- Draw a large heart around your child’s outlined hands.
- Explain that God’s love surrounds your child like the heart around his traced hands. Have the child repeat, “God loves me,” if he is able. Save the heart as a special valentine to your child.
This article first appeared in the Early Stages edition of the February/March 2007 issue of the Focus on Your Child newsletters. Copyright © 2007 Charlotte Adelsperger. All rights reserved.
by Beth Prassel
Children love a treasure hunt. Help them hunt for the best treasure of all: God’s love for them.
First, cut out a large heart from poster board or construction paper. On the heart, print a Bible verse about God’s love, such as John 3:16, 1 John 3:16 or 1 John 4:10. Children may decorate the heart with crayons, markers, valentine stickers or other art supplies.
When you’ve completed the heart message, turn it over, draw intersecting lines and cut into puzzle pieces. With your children out of the room, hide the puzzle pieces, along with several valentine candies. Then call your children back in, and let the hunt begin.
When your kids find all the puzzle pieces and candy treasures, have them reassemble the heart. Review the Bible verse, and explain that, although the candy treasures were a nice surprise, the best treasure of all is Jesus’ love.
Now think of someone who is lonely or hurting. If the person is a child, put the puzzle pieces in a decorative envelope or bag so the child can enjoy putting the puzzle together, too. If he or she is an adult, glue the pieces to poster board, and deliver the message with valentine candies.
This article first appeared in the Discovery Years edition of the February/March 2007 issue of the Focus on Your Child newsletters. Copyright © 2007 Beth Prassel. All rights reserved.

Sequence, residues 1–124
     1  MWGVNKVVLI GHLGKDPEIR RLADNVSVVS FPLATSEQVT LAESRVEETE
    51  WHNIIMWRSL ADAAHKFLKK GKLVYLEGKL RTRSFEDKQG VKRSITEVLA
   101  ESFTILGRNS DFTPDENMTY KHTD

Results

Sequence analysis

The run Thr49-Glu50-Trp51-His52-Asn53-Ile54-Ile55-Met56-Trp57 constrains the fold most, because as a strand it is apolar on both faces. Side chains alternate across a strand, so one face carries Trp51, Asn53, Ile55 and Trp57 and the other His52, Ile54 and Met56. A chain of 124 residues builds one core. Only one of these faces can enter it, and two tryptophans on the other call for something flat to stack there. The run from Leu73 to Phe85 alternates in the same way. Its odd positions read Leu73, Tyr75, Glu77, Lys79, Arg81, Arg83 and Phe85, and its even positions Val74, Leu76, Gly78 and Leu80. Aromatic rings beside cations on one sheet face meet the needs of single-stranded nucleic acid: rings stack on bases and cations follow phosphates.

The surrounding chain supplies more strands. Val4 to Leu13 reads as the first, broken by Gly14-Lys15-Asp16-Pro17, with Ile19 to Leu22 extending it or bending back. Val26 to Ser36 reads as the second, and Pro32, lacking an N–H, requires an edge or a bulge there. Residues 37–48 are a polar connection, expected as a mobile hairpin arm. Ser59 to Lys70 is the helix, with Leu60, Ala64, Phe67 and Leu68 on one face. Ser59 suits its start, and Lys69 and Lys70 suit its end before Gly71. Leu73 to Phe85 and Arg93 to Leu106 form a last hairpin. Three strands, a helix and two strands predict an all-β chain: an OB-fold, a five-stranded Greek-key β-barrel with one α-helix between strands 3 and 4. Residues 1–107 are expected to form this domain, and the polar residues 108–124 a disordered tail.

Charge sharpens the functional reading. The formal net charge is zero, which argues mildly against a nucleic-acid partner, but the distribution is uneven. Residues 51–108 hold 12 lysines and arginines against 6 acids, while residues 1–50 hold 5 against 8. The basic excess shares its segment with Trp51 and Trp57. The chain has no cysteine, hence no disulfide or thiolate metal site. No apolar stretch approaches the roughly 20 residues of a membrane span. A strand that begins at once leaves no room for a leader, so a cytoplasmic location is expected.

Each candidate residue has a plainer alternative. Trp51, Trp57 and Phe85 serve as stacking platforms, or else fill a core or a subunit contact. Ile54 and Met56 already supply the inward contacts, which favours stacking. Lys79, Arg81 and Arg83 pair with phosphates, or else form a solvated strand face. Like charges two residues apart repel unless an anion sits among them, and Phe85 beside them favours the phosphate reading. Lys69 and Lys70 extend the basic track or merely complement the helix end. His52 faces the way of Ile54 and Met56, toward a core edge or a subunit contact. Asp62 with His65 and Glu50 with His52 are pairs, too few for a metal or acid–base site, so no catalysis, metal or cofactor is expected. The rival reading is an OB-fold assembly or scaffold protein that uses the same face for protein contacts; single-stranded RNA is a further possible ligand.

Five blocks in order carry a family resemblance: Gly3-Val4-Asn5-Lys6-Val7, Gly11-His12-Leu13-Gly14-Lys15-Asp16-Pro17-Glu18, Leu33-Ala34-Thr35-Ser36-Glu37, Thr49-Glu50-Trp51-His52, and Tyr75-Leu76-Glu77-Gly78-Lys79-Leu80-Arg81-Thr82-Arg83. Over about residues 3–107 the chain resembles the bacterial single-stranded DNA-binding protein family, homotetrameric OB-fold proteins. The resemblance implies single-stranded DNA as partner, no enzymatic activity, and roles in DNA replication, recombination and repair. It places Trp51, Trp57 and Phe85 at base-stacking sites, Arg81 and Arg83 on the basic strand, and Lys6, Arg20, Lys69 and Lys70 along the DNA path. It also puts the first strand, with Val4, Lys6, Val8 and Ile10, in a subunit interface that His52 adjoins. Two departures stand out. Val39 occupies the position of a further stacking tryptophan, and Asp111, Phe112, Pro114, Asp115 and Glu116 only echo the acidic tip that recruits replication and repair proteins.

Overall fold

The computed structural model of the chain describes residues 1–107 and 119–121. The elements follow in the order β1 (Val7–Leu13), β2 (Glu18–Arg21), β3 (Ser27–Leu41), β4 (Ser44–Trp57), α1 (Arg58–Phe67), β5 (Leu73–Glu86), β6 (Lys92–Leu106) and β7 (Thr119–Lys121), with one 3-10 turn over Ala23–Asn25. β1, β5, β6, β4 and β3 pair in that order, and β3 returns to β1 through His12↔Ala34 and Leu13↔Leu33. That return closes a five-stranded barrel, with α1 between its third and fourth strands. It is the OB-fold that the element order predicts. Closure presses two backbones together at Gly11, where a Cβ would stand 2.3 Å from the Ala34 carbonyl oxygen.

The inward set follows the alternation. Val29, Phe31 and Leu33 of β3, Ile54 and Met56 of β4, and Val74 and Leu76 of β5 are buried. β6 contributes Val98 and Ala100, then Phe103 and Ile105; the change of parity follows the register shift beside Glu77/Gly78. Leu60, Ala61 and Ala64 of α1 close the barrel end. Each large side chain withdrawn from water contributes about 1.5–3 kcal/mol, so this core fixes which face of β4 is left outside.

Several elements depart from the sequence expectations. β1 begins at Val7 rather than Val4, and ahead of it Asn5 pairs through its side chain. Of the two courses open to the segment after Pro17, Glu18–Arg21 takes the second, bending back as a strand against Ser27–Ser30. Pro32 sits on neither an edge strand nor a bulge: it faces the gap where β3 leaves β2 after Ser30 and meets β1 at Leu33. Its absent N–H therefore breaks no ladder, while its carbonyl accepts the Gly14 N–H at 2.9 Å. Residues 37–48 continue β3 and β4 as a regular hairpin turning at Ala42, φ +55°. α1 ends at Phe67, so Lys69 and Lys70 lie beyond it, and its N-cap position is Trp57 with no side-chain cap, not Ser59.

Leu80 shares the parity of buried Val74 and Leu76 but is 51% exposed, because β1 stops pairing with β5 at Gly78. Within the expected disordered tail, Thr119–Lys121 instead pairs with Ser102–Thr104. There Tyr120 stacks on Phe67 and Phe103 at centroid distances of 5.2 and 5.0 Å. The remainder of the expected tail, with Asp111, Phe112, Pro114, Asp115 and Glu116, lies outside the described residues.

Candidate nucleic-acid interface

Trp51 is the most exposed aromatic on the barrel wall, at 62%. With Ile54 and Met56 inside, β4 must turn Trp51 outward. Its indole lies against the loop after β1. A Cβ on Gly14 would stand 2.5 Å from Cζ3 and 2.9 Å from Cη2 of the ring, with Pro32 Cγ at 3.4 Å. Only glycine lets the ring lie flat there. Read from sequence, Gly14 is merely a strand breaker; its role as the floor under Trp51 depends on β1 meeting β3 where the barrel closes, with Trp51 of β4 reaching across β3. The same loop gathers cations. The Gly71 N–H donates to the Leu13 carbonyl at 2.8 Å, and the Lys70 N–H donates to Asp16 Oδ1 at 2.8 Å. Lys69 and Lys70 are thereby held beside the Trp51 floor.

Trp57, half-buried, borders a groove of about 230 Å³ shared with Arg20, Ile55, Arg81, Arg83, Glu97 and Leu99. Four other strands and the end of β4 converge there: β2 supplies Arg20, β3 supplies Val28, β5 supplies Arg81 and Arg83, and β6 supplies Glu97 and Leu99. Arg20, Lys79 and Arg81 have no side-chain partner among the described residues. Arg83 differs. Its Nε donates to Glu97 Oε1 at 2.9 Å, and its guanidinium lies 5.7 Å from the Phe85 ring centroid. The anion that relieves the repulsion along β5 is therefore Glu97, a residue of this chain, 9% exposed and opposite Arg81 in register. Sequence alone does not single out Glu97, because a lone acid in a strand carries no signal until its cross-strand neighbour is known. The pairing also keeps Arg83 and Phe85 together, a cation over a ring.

by Pam Woody
Cultural influences can be a powerful factor in the way tweens define their worth. So reinforce that your child’s value should be grounded in God’s love.
Popularity vs. value
Encourage your tween to talk openly about how kids at school confuse popularity with a person’s worth.
- When teams are being picked at school, do you want to be picked first or last?
- What does being picked first mean? What does being picked last mean?
- Does being picked first make you more valuable as a person?
- What’s the difference between a person’s worth and her popularity?
Although everyone likes being popular, popularity is not the same as a person’s value.
The value of a person
- Who created the standard for a person’s worth?
- Why is human life valuable?
The value of life stems directly from the value God places on it. His great love for His people is reflected in His design, making humans in His image.
The value of my neighbor
- Why are you of value to God — because of what you do, who you know or what you have?
- God made human life valuable. How can you respect and honor people around you, such as your classmates?